Take a close look at your reasons.

Are they any good? What do they tell you about your thinking? My thinking was clouded, but do you know what I noticed? A sense of failure . . . social expectations . . . fear. None of them were very good and all of them were about me. None of them were about what was best for my children.

So you would think that would mean that I would have marched them straight down to the school and enrolled them.

But I didn’t. Why? Because I hadn’t thought about what would be best for them, yet.

Why should you send your child to school?

Public or private, whatever your next step would be. Private school was never in our budget so it wasn’t an option. But be honest about what your child would gain being sent to school.

For me, it was academics. They would get the daily repetition they needed to improve their math skills. They’d have more structure than I was able to do on a consistent basis. Maybe my eldest would finally learn to spell well. I could take the time I needed to grieve and figure out this “new normal” everyone talked about and they wouldn’t fall any further behind.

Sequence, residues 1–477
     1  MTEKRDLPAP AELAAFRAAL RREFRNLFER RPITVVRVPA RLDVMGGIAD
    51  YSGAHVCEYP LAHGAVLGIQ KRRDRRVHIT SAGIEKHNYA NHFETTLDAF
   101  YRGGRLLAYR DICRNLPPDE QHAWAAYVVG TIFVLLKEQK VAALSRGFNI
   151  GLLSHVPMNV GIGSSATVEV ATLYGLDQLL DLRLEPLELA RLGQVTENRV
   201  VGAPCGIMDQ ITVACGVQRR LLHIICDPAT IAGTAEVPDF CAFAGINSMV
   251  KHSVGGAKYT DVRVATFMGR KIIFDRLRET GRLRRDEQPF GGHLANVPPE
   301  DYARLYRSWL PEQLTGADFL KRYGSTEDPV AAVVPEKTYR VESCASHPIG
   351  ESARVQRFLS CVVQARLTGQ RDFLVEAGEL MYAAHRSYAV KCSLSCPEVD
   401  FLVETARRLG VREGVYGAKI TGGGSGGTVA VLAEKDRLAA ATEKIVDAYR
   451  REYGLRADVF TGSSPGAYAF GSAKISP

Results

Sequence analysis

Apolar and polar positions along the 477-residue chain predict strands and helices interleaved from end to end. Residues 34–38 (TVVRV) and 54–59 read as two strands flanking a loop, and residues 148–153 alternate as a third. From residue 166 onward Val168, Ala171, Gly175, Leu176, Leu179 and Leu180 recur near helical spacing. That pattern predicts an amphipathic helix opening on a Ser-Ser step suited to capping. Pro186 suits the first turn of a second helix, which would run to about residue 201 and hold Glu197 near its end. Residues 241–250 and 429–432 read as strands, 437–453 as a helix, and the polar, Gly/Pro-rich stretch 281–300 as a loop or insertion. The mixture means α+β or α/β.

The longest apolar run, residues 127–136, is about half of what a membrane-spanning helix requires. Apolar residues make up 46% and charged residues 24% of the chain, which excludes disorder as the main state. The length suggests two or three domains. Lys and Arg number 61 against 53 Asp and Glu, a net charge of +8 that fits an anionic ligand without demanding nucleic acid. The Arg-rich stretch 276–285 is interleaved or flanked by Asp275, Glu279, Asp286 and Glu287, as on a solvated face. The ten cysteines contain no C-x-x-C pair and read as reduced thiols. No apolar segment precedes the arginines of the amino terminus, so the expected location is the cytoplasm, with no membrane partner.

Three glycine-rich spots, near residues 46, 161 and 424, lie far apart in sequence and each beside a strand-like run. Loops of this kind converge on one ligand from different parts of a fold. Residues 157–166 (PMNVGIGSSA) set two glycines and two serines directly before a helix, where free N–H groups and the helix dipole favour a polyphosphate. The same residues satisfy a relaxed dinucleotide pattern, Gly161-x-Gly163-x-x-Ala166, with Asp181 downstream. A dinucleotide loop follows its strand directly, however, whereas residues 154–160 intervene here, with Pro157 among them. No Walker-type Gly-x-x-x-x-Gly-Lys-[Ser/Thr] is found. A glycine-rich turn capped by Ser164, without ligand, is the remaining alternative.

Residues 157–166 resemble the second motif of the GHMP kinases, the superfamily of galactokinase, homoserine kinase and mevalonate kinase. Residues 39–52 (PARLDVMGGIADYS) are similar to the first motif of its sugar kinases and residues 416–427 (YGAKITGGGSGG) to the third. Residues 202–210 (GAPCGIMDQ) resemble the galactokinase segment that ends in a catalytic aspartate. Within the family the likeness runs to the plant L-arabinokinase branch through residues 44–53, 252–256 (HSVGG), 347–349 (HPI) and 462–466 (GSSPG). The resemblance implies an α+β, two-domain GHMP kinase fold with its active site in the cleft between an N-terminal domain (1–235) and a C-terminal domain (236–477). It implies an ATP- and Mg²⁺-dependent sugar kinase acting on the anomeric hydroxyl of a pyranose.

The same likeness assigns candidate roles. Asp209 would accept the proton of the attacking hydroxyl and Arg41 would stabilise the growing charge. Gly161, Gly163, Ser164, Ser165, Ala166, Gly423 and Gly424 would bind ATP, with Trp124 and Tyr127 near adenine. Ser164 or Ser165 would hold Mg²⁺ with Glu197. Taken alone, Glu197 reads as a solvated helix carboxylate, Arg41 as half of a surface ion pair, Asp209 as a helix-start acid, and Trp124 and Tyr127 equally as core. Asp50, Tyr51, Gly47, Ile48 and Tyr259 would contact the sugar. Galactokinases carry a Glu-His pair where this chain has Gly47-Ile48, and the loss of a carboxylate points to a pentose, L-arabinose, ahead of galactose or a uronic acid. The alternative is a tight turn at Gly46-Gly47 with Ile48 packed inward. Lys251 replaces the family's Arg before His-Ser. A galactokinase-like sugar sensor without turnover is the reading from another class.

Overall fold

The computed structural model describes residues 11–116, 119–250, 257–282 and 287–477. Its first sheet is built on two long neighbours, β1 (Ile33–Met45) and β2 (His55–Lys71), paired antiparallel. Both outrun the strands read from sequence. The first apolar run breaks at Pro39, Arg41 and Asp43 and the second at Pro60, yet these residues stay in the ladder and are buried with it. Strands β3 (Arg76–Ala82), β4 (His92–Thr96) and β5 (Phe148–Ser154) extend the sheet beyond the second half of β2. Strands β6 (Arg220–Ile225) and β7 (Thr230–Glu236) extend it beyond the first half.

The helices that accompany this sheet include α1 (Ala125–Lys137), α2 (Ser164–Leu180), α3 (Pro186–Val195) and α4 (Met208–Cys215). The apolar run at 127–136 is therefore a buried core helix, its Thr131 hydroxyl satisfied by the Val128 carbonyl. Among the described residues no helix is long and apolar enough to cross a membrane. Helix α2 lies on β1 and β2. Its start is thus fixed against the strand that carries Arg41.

That was the only reason I could come up with. For some people, that may have been enough. But fortunately, I had written out my educational philosophy long before any challenges had cropped up.

Why do you homeschool?

This is the true power of having a formalized educational philosphy or a mission statement, written out and stored in a notebook or even hung on the wall. Consider it your core values of homeschooling.

If you don’t have one now, in the midst of trials, it will be harder to walk through the process. Stress clouds judgment. Try to think through the basics of what you think “education” is. What is its purpose? What is the role of your children? What is the role of the teacher?

Take those answers and ask yourself if those goals are better met through homeschooling or some other form of education.